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White Rabbit denies 'contaminated candy' claim
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09:37, July 20, 2007

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SHANGHAI: The manufacturer of White Rabbit candy yesterday released the results of a laboratory test countering accusations by Philippine food authorities that its product contains formaldehyde.

Weng Mao, the general manager of Guan Sheng Yuan (Group) Ltd (GSY), said at a press conference that the company had received a sample test result from SGS, an international inspection company, showing its products were free of the poisonous chemical.

"The report is convincing enough to dispel the untrue reports from some overseas media," he said.

On Monday, the Philippines' bureau of foods and drugs under the health department banned the distribution and sale of the candy plus three other China-made products: Milk Candy, Balron Grape Biscuits and Yong Kang Foods Grape Biscuits, which hail from Fujian and Guangdong provinces.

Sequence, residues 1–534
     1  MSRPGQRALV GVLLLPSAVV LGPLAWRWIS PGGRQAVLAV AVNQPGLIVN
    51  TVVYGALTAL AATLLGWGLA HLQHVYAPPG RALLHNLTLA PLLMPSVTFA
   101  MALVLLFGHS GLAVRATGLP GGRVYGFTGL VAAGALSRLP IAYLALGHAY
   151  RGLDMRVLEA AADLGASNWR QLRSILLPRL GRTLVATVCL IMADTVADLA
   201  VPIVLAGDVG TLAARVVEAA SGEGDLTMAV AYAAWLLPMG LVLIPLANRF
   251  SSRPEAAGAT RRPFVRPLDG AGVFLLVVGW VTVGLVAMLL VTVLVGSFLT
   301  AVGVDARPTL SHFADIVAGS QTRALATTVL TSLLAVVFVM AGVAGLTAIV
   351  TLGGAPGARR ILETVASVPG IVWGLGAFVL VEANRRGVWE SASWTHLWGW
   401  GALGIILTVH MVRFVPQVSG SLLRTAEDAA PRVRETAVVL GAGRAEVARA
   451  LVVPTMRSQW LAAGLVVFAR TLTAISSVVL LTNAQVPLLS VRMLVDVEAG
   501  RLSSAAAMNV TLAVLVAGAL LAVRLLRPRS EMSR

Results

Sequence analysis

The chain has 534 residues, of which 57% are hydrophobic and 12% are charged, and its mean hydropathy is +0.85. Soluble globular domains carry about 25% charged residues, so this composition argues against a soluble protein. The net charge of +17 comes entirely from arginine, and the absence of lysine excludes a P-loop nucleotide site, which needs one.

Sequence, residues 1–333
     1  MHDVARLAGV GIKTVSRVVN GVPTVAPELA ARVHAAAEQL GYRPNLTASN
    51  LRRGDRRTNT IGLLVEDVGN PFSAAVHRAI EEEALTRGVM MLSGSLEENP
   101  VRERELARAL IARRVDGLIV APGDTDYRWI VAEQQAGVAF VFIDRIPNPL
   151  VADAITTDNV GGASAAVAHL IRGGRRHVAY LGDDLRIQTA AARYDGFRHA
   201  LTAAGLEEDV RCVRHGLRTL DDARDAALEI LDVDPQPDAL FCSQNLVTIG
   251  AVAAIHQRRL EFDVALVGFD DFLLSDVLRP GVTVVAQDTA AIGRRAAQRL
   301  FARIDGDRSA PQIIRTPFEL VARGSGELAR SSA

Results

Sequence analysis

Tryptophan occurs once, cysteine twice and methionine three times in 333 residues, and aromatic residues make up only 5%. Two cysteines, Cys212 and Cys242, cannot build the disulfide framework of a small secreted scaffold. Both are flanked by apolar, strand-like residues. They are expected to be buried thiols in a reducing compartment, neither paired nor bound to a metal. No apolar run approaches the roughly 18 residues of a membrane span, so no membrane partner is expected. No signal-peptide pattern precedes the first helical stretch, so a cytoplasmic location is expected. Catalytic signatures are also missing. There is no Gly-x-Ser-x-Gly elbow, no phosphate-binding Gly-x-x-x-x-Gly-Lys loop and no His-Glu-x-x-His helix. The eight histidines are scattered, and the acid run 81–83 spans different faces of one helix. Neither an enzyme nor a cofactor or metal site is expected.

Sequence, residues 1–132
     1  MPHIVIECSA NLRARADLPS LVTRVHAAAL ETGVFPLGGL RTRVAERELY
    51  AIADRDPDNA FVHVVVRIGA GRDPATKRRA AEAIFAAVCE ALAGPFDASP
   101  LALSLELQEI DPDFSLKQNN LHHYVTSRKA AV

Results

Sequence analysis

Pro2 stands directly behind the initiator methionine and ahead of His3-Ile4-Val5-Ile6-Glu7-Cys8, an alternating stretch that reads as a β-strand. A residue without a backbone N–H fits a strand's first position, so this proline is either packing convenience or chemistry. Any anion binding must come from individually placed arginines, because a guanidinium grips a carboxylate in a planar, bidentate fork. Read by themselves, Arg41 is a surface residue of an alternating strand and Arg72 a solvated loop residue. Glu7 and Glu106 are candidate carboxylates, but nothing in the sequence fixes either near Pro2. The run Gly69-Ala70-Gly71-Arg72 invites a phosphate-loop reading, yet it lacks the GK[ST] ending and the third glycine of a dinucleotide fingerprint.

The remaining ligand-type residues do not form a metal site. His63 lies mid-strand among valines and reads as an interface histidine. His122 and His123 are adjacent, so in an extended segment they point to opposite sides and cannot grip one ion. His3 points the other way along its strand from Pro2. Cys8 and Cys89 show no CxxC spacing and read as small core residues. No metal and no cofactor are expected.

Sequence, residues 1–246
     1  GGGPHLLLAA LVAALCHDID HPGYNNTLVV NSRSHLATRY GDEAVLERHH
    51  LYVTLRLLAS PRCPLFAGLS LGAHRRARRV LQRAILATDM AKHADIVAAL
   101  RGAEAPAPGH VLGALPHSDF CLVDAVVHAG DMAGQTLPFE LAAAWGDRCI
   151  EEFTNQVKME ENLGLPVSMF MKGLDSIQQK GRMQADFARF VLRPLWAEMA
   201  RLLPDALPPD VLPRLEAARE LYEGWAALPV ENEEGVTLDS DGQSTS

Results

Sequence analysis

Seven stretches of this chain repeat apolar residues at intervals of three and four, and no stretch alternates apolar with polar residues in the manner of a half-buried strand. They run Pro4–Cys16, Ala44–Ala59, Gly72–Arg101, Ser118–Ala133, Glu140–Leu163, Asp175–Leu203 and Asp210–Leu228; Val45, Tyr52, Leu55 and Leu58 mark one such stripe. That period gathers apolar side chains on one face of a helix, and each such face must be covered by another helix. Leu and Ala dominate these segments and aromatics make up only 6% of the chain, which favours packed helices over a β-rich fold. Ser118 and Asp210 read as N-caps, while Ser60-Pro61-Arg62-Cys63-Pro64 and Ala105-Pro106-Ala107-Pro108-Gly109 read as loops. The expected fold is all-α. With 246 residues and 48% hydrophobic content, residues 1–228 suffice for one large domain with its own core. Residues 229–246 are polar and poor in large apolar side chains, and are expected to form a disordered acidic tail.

It claimed sample tests on them had shown they contained harmful substances, such as formaldehyde.

The bureau also issued an advisory, asking the public not to buy or consume the four products.

Shanghai's quality supervision bureau has begun its own investigation, but no results have yet been reached.

GSY told the media on Wednesday it had conducted its own sample tests and had found no poisonous chemicals. This was followed by the release of the SGS test results.

Weng said GSY had suffered huge losses as a result of the claims made about its products.

"The Philippine food and drug authorities told the world the candy was poisonous without publishing any relevant test reports or verifying with us," Weng said.

"The news was soon widely spread and supermarkets in the Philippines and Hong Kong have removed the candy from their shelves.

"But when we requested the Philippines bureau to provide us with a copy of their test report, they ignored us. "It is extremely irresponsible."

Weng said his company will maintain its right to claim compensation.

White Rabbit is a Shanghai confectionery brand established more than 50 years ago. Some 80 tons of the candy have been exported to the Philippines since 1979.

Zhou Hongzu, a 47-year-old sales clerk at the Chang Chun food store on Huaihai Road in downtown Shanghai, said she always sold plenty of White Rabbit.

"It is one of the most popular candies because of the cheap price and good taste," she said.

Source: China Daily



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